When Jay M. Robinson High School was being built for the 2001 school year, there were plans for a large field house, a facility that football coach Bobby Cloninger called a "Taj Mahal."
Almost nine years later, the only sign of a field house on the school's athletic field is a red banner hanging on a chain-link fence near the end zone: "Future home of Jay M. Robinson Athletic Field House."
All the sports teams currently share two locker rooms located at the main school building: a "varsity locker room" and a smaller locker room meant for physical education classes.
The varsity locker room, used by the football team, has only 50 lockers, which aren't big enough to fit a helmet and shoulder pads.
"It's not big enough for a hundred football players," said athletic director Mark Driscoll. "It's not adequate for what we need."
The Jay M. Robinson Field House Campaign, a part of the Jay M. Robinson Athletic Booster Club, started in February 2009 to replace that banner with an actual facility that would house the football team, soccer teams and any other athletic teams that use the field.
The campaign plans to raise $300,000 dollars to finance the construction through corporate contributions, individual donations and fundraisers.
So far the campaign has raised $60,000 in cash, with another $100,000 raised in "in-kind" giving, which are goods or services that will benefit the campaign, said Andy Jones, the chairman of the field house campaign.
Robinson opened during a time of rapid population growth in Cabarrus County, leading to huge construction needs and a limited budget for schools, according to the Jay M. Robinson Field House Campaign Web site.
The two Cabarrus County schools built after Robinson, Hickory Ridge (2007) and Cox Mill (2009), also don't have field houses.
"There was a field house in the plans, but it was taken out of the plans because of budgetary reasons," said David Caldwell, president of the booster club.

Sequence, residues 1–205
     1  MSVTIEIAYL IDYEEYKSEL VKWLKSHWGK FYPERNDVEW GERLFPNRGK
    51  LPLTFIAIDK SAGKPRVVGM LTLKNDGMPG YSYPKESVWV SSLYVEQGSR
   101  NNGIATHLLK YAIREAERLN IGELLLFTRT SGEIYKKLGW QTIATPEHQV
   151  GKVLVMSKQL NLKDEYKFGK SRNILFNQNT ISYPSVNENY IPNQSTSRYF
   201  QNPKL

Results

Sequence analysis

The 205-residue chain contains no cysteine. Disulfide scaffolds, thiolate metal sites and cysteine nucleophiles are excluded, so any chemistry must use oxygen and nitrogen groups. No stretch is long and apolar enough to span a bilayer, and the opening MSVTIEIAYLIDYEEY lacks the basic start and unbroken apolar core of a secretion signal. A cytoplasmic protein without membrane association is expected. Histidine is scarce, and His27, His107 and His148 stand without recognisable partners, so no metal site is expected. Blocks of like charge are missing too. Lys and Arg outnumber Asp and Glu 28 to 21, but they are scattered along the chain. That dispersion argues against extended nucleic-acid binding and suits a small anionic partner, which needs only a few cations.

The campaign was started by Cloninger, Jones, Caldwell and other parents of athletes at Robinson. Jones has two kids at the school, a senior, Andrew, who is on the swim team and ran cross country his freshman year, and Hamilton, a freshman who is a kicker for the football team and also wrestles.
Caldwell's oldest son, Trent, played football, basketball and baseball at Robinson and graduated in 2006. His youngest, Chris, is a senior who plays football, baseball and runs track.
"I think David is the perfect example of the commitment we have from parents who want this to, kind of, be a lasting legacy," said Jones, because his son will graduate before he can experience the benefits.
"It became more and more clear to us that the time had come that we needed to do this for the kids, from a facilities standpoint and from a health standpoint as well," said Caldwell.
Football, soccer, volleyball, cross country and tennis are forced to share two locker rooms during the fall sports season. Winter sports start having workouts and tryouts during the fall season, adding even more athletes trying to use the facilities.
"You got three or four hundred kids trying to dress in two locker rooms there and it's an absolute zoo," said Cloninger.